This manoeuvre, known as a gravity assist manoeuvre, flyby, swing-by or gravitational slingshot, allows us to explore a wide range of objects across the Solar System on a tight fuel budget. If we want to visit the distant outer planets and minor bodies, we can take some extra energy from Mars or Jupiter. If we want to visit Mercury, we can give some away to the inner planets as we pass by.
Lining up the shots
Approaching a planet in the right way to perfectly alter the spacecraft’s orbit requires a lot of maths and careful planning. What’s more, to lose all the energy necessary to enter orbit around Mercury we have to do multiple flybys.
Like a billiards player carefully lining up their shot to make sure the cue ball ends up in a good position for the next one, mission planners have to design a route for their spacecraft that sees it leave each flyby on the correct trajectory to be in the right place at the right time for the next one.
Even using some on-board fuel to adjust the spacecraft’s orbit between each flyby, it still takes years to offload the energy as the cosmic billiard balls travel the vast distances through space between encounters.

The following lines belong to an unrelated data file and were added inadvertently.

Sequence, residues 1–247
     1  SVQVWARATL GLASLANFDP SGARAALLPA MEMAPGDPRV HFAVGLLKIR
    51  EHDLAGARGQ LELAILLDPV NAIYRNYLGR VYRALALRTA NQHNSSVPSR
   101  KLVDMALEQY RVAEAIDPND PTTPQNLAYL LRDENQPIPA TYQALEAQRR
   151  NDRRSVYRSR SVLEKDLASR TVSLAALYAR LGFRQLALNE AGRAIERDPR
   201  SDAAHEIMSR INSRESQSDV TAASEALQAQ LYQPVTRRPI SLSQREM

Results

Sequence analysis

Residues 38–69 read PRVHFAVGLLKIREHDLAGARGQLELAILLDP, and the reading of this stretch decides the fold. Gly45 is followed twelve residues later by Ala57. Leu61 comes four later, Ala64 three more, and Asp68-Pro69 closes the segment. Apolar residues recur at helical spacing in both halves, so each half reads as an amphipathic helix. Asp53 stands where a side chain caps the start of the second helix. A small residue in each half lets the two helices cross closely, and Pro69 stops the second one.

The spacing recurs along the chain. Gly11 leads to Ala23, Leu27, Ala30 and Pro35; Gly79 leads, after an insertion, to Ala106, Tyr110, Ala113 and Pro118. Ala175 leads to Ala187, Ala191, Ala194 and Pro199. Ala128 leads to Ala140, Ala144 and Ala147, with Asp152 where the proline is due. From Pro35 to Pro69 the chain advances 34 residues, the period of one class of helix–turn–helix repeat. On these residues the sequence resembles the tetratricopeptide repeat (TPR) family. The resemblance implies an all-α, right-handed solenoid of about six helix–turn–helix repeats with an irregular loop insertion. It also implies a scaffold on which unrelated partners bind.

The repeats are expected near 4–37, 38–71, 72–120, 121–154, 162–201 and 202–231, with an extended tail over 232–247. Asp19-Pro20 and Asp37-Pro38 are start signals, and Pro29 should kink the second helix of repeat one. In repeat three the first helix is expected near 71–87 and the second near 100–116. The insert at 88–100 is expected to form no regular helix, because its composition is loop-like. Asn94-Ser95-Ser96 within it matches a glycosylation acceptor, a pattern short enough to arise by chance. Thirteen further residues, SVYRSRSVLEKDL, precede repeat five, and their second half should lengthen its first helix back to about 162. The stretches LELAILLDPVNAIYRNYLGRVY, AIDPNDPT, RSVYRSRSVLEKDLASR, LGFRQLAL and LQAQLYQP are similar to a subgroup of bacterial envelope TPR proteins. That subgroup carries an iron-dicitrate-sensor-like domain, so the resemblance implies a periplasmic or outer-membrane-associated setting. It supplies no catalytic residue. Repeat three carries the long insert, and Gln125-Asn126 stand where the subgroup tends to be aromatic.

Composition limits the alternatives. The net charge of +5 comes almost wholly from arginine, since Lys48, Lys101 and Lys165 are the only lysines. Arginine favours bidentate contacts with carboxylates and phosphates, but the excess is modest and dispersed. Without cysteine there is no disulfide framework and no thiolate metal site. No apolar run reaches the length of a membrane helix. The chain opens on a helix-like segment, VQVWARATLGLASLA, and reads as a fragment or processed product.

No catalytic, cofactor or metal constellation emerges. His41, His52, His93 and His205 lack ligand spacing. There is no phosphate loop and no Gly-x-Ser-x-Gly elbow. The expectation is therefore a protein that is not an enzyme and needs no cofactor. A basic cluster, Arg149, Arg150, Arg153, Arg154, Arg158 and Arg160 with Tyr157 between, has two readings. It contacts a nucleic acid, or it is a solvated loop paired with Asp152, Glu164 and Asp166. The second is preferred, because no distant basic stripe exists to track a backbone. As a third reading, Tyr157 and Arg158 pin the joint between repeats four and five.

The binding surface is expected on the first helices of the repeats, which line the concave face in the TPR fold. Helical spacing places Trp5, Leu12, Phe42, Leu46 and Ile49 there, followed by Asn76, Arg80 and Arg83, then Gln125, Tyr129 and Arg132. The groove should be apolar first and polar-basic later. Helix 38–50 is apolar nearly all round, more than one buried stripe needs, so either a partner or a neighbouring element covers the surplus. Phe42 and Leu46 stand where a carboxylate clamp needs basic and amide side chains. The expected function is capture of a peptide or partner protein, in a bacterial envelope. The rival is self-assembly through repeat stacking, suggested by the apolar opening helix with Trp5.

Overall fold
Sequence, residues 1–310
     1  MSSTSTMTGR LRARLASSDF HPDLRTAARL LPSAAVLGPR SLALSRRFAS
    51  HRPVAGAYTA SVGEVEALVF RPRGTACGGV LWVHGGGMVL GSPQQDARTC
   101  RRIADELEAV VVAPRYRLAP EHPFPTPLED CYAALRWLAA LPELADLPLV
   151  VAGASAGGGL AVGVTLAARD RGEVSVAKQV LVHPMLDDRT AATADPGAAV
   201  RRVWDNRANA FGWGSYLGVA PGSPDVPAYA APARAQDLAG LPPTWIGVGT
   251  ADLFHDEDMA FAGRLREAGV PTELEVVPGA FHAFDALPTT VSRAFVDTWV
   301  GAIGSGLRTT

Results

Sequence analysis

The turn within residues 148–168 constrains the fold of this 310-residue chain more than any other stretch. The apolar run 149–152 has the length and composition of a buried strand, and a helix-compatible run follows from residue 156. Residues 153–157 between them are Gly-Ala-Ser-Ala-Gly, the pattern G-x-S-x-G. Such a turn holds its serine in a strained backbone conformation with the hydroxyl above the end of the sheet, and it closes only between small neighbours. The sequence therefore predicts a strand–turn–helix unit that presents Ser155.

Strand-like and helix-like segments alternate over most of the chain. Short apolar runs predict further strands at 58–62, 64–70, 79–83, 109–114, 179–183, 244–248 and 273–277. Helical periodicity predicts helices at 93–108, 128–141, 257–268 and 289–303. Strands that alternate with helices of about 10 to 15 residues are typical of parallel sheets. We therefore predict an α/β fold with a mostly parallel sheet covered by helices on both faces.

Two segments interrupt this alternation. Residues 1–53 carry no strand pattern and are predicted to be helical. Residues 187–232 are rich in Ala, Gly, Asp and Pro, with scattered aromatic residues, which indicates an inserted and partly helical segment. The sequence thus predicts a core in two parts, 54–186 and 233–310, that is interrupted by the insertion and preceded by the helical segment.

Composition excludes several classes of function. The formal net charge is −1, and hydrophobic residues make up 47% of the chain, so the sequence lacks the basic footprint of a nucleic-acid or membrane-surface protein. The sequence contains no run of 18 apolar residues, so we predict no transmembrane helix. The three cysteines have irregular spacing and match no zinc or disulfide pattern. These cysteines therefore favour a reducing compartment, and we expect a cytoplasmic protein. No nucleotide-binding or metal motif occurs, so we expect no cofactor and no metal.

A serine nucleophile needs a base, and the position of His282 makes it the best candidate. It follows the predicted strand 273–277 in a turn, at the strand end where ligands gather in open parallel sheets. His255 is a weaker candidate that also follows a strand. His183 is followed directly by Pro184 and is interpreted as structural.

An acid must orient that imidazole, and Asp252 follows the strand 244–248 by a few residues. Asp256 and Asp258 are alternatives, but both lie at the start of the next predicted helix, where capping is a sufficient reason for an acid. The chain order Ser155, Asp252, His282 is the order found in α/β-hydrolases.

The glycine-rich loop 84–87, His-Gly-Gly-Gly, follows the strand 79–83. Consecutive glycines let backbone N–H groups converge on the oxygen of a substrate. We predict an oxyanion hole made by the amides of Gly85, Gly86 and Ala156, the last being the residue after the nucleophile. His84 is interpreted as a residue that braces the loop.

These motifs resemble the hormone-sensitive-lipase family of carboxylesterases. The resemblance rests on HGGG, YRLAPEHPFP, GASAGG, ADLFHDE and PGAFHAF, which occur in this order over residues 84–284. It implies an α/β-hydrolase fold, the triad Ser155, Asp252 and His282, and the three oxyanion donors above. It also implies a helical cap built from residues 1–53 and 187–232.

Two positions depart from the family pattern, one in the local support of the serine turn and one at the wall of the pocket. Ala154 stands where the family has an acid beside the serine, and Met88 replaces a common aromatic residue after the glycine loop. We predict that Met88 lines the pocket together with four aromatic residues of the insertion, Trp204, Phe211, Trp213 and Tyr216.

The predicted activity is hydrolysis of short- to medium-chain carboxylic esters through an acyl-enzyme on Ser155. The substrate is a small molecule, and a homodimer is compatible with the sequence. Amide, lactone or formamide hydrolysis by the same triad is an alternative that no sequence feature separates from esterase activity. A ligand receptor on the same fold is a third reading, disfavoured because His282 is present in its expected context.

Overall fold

As a result, using flybys to help a spacecraft arrive at Mercury slowly enough to enter orbit is great for reducing fuel requirements, but makes reaching the small planet a very long journey.
Giuseppe ‘Bepi’ Colombo
This method for putting a spacecraft in orbit around Mercury, and solving the mathematics behind it, puzzled scientists and engineers for decades. Even today, there is still no perfect formula for finding the best path for a spacecraft to get to a planet using flybys. Calculating this path requires expertise and patience on behalf of mission analysts.
NASA’s Mariner 2 spacecraft performed the first successful planetary flyby ever in 1962 at Venus. This encounter, however, wasn’t designed to alter the spacecraft’s trajectory but to gather data about the second closest planet to the Sun. The use of flybys as a manoeuvre to correct a spacecraft’s path en route to another planet would only start about a decade later.
In 1970, Italian mathematician and engineer Giuseppe ‘Bepi’ Colombo suggested that a flyby of Venus would enable NASA’s Mariner 10 spacecraft to swing past Mercury three times instead of the originally planned single encounter. An analytical study conducted by NASA’s Jet Propulsion Laboratory confirmed Colombo's idea. The mission went on to fly past Mercury three times while orbiting around the Sun and would achieve further encounters had it not run out of fuel. The manoeuvre at Venus enabled scientists to acquire twice as much scientific data about the then completely unexplored Mercury compared to original expectations.
A lot of what we know about Mercury today comes from Mariner 10’s encounters during 1974–75, which were inspired by Colombo's calculations.
MESSENGER and BepiColombo, named after the scientist, take Colombo’s ideas a step further. By passing Mercury multiple times, in addition to other flybys of the inner planets, the spacecraft shed enough energy to enter orbit around the planet, enabling scientific studies that would otherwise be impossible.